Spinach is not only listed as one of the super foods in Dr. Steven Pratt’s SuperFoods Rx (also by Kathy Matthews, NY, NY, 2004), he considers it so rich in so many important nutrients, it is almost in a class by itself. But before I start singing its praises, I have to add his important note that there are other similar foods that also have many of the same impressive substances.
Mustard and turnip greens
Orange bell peppers (yes, that struck me as a pretty distant relative too)
On to the resume for these super stars (using spinach as the proto-type)
The carotenoids lutein, zeaxanthin (both associated with lower macular degeneration and cataract rates), and beta-carotene
The antioxidants glutathione (protects DNA), alpha lipoic acid (anti-aging nutrient), vitamin C, and vitamin E
Vitamin K (important for blood clotting and thus to be avoided if taking warfarin (Coumadin) a blood thinner)
Coenzyme Q10 (needed for cell energy production)
B vitamins thiamine, riboflavin, B6, and folate (cancer fighter)
Chlorophyll (a potential cancer fighter), Polyphenols, Betaine (may help lower arterial disease risk)
Plant-derived omega-3 fatty acids
Which is better, raw or cooked spinach? There are benefits to each. Cooked spinach makes the carotenoids more available and increases lutein, but decreases the vitamin C and folate. So, it is probably best to consume raw and cooked spinach each day. Also, adding olive oil, nuts or avocado to cooked spinach will increase the carotenoid absorption.
One more note about the “knock off” vegetables. Kale, as noted in Super Foods by Tonia Reinhard (Buffalo, NY: Firefly Books, 2014) has more than twice the level of antioxidants compared with other leafy greens. Okay kale, you’ve got my vote, and a place of prominence in my garden.
Before plunging into all the nutrients and cell protectors found in citrus fruits, it is worth stating an important fact once again. That key concept is that with these foods, as with most super foods, the benefits add up to much more than the sum of its parts. To put it another way, you can’t take the specific molecules, even in the amounts proportionate to what they are in the fruit, and reap the same rewards. These compounds work together. This writer can think of no other comment on this amazing aspect of many foods than the word miraculous. To profit fully from these foods, eat them as they are – the whole food. Even juices are often far inferior to their original containers. And really, why do we want to add time, effort and expense to our diet?
Numerous anticancer compounds are found in citrus fruits, maybe more than any other food, and per the National Cancer Institute a complete package of natural cancer inhibitors. Some of these cancer fighters include the following:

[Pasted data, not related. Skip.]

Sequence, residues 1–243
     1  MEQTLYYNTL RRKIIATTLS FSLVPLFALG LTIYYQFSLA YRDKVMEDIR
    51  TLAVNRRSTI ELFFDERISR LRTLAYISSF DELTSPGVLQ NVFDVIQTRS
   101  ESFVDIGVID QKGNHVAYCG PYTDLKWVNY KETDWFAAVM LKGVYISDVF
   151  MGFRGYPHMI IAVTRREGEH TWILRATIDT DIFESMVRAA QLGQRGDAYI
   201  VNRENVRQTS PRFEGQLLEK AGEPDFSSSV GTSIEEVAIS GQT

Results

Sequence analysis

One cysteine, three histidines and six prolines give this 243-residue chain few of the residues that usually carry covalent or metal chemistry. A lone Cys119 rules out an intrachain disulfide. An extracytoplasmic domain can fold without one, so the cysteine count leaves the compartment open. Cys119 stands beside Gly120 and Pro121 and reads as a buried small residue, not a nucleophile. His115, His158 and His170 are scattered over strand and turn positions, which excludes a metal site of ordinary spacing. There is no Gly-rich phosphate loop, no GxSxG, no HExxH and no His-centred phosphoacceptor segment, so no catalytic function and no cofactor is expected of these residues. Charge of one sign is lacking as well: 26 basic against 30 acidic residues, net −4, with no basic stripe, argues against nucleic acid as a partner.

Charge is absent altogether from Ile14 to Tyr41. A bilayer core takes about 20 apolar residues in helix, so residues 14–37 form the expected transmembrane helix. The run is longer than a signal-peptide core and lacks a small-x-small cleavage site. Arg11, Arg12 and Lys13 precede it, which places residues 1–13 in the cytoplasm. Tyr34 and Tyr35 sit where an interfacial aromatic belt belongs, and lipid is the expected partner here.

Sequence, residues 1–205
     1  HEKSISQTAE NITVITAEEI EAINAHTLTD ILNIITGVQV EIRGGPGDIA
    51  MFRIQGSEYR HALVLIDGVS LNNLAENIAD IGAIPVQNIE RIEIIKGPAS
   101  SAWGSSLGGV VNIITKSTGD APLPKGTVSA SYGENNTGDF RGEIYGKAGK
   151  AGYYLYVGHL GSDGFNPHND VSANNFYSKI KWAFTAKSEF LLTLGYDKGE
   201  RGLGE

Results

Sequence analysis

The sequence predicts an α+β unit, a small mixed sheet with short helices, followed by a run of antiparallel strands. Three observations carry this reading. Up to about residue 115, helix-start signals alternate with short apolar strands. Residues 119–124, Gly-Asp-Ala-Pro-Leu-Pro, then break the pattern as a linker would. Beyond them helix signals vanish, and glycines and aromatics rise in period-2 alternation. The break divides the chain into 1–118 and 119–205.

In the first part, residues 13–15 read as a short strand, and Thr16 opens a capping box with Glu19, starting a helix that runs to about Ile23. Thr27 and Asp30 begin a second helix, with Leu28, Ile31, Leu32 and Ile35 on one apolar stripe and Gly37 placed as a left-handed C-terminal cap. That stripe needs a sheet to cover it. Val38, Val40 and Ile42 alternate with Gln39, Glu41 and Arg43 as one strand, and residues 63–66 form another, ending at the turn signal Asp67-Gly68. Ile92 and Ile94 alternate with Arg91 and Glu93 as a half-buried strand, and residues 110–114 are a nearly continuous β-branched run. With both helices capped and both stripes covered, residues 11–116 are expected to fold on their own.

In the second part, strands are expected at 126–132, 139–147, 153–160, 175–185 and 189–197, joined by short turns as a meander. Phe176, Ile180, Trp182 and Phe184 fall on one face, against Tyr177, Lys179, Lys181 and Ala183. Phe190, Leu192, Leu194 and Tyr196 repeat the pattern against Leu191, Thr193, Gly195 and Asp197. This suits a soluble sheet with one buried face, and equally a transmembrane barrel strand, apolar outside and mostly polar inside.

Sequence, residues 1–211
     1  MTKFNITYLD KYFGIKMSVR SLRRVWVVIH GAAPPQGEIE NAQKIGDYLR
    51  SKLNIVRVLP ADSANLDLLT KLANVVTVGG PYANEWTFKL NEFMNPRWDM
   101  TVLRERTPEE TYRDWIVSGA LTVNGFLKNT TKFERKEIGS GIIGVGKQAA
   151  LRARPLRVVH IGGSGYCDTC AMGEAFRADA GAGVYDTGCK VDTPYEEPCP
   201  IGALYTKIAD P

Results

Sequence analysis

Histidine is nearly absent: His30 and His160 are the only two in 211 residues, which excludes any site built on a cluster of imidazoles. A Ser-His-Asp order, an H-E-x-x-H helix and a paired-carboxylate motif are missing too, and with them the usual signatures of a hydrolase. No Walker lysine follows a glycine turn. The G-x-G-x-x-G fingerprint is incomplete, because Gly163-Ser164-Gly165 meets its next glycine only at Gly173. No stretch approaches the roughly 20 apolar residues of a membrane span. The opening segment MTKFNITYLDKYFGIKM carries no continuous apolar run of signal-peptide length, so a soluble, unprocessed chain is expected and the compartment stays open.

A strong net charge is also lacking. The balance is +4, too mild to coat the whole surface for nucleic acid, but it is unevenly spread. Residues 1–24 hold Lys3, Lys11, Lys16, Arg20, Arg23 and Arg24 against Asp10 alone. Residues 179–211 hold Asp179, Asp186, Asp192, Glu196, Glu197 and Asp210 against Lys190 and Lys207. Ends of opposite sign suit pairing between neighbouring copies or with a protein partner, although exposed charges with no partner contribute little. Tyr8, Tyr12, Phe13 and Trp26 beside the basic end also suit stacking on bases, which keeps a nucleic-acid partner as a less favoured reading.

Pectin which is a soluble fiber, impairs growth factors that cancers need to keep growing. This same compound benefits the cardiovascular system as well. The white lining of citrus fruit is especially high in pectin.
Citrus flavonoids in the juice, pulp and skin are antioxidants (protecting cells from free radical damage – something that comes from many sources including normal energy production and inflammation). They are also antimutagenic – preventing the cell mutations that are the first step in cancer development. Flavonoids are also anti-inflammatory and antimicrobial. They also strengthen blood vessels as well as tendons, cartilage and ligaments.
Folate in citrus is another compound that helps protect the DNA. Folate also helps protect the cardiovascular system.
Limonene is a phytonutrient (nutrient found in plants) in the oil of citrus peel. They function to detoxify – another cancer fighting action of citrus. Animal research has shown this compound can help shrink tumors. These chemicals may also have antimicrobial properties. Add citrus zest to fruit dishes and coleslaw.
Vitamin C helps protect against nitrosamines, carcinogens associated with GI cancers such as stomach cancer. Vitamin C’s effects are strengthened by bioflavonoid polyphenols that are also found in citrus. C also decreases stroke and cataract risk.
Carotenoids are found in particular in tangerines and grapefruit. These also fight cancer. Citrate levels in urine are increased with orange juice consumption and that helps stop kidney stone formation. This was noted in David Grotto’s book 101 Foods that could save your life (Nutrition Housecall, 2007).
Other references: Tonia Reinhard’s Super Foods (Firefly Books, 2014), Eat This and Live by Don Colbert (Siloam, 2009) and Fourteen Foods that will change your life SuperFoods (HarperCollins, 2004).